New economic demands are forcing Maasai women into the workforce. While facing fierce backlash for their work, they are joining together to redefine women's roles within their patriarchal world.
In rural Uganda, lack of access to healthcare results in disability and death. What can be done?
What happens when we're told to "walk a mile in his shoes" but the child has no shoes? In Ghana this is an everyday reality making harmful diseases more prevalent.
A documentary by Carl Gierstorfer follows one community’s fight for survival against Ebola through the eyes of the Liberians on the front lines battling to bring the outbreak to an end.
Ghana's offshore oil industry began drilling in 2010, bringing with it significant economic growth. However, history shows that managing oil resources often proves more difficult than expected.
As Angola progresses further away from its devastating civil war, foreign companies are overly eager to construct the infrastructure the country needs to join the modern-era. Is this a good thing?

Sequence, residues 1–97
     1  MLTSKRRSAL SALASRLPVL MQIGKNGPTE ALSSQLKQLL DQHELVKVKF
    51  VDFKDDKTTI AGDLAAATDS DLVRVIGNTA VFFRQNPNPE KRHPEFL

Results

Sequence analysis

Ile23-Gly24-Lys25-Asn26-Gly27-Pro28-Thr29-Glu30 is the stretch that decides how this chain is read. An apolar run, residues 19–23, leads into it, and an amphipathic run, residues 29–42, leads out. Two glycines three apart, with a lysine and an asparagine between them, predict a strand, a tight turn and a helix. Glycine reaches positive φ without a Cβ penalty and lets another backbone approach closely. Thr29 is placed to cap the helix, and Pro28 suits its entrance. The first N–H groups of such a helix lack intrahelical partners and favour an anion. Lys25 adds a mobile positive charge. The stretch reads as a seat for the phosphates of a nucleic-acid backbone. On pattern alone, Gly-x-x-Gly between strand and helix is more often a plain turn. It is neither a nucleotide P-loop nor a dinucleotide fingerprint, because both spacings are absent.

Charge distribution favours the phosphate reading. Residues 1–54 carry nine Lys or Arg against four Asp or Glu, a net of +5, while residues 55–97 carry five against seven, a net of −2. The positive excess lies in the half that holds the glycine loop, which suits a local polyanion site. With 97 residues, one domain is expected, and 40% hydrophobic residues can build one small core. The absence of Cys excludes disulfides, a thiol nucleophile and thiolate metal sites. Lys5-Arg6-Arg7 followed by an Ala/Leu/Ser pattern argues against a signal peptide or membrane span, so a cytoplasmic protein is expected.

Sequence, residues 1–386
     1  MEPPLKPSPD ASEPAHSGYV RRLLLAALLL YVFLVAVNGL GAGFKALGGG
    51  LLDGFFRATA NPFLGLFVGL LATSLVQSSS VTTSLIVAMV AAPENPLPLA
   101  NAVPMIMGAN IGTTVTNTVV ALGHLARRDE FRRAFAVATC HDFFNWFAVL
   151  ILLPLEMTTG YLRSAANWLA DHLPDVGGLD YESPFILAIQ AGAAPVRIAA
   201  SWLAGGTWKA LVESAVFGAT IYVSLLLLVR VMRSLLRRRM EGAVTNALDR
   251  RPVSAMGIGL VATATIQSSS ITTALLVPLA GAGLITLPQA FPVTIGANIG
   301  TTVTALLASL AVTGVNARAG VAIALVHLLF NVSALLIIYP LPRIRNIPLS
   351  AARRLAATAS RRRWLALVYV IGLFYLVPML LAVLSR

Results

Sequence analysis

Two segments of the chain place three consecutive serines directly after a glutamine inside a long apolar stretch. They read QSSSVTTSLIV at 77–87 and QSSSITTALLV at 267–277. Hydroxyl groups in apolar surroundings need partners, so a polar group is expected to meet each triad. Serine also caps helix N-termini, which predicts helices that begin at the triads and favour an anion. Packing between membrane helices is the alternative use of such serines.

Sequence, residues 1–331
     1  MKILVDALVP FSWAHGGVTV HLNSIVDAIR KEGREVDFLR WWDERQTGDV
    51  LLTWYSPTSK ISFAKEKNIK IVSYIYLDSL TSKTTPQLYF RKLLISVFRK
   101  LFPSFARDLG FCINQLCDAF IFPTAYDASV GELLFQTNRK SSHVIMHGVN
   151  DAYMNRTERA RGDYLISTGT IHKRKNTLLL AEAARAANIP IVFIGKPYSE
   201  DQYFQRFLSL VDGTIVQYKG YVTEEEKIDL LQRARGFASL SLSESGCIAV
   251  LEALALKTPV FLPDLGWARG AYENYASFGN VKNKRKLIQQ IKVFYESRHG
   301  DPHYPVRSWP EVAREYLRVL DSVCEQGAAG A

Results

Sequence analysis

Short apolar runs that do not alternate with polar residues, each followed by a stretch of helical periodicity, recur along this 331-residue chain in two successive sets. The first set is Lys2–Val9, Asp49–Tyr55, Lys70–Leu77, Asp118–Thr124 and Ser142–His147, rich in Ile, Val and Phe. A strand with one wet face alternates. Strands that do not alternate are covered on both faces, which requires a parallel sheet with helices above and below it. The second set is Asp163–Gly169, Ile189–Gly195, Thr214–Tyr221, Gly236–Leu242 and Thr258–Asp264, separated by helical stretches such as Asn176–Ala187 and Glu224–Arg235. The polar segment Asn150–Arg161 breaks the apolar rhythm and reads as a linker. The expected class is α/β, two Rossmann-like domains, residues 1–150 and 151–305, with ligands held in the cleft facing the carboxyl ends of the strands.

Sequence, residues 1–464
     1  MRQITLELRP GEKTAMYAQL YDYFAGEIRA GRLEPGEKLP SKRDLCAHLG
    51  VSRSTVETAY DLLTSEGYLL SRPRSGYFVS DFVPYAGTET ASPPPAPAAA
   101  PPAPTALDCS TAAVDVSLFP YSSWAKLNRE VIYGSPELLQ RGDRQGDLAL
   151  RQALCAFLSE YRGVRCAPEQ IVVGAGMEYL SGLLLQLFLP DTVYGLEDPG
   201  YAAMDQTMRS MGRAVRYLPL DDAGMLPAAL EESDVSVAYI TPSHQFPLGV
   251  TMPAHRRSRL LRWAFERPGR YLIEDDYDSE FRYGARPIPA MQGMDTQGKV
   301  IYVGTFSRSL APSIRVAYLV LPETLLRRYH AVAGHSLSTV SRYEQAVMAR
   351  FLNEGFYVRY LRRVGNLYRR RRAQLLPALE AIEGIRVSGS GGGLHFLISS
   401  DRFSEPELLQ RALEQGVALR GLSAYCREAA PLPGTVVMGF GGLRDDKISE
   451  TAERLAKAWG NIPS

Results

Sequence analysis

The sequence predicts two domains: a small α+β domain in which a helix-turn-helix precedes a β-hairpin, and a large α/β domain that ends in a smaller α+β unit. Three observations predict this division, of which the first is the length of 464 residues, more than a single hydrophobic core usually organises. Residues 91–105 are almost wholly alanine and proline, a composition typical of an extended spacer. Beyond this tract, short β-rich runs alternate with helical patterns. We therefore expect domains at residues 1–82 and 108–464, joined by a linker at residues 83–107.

The WHO estimates over 370,000 lives are lost each year to drowning. And while water is an undeniable part of culture in Zanzibar, Tanzania, lack of knowledge about aquatic survival is commonplace.
In Nigeria, great fortunes often point back to the highest offices of government.
Skype brings Pulitzer Center grantee Sharon Schmickle together with classes studying food insecurity at Australia's Queensland University of Technology.
Fiona Lloyd-Davies has reported on Eastern Congo since 2011. Here she discusses the twin aims of her new project, assessing the aftermath of a mass rape and efforts to establish conflict-free mines.
Pulitzer Center education director Mark Schulte invites educators and students to join Paul Salopek on Twitter for a virtual campfire chat.
Planting and maintaining vegetable gardens on school grounds in South Africa was supposed to be a sustainable operation to maintain food security. Unfortunately, it seems to have proven otherwise.
Peter Chilson discusses his project on the borders of French West Africa, including his time in Mali during a coup d'etat.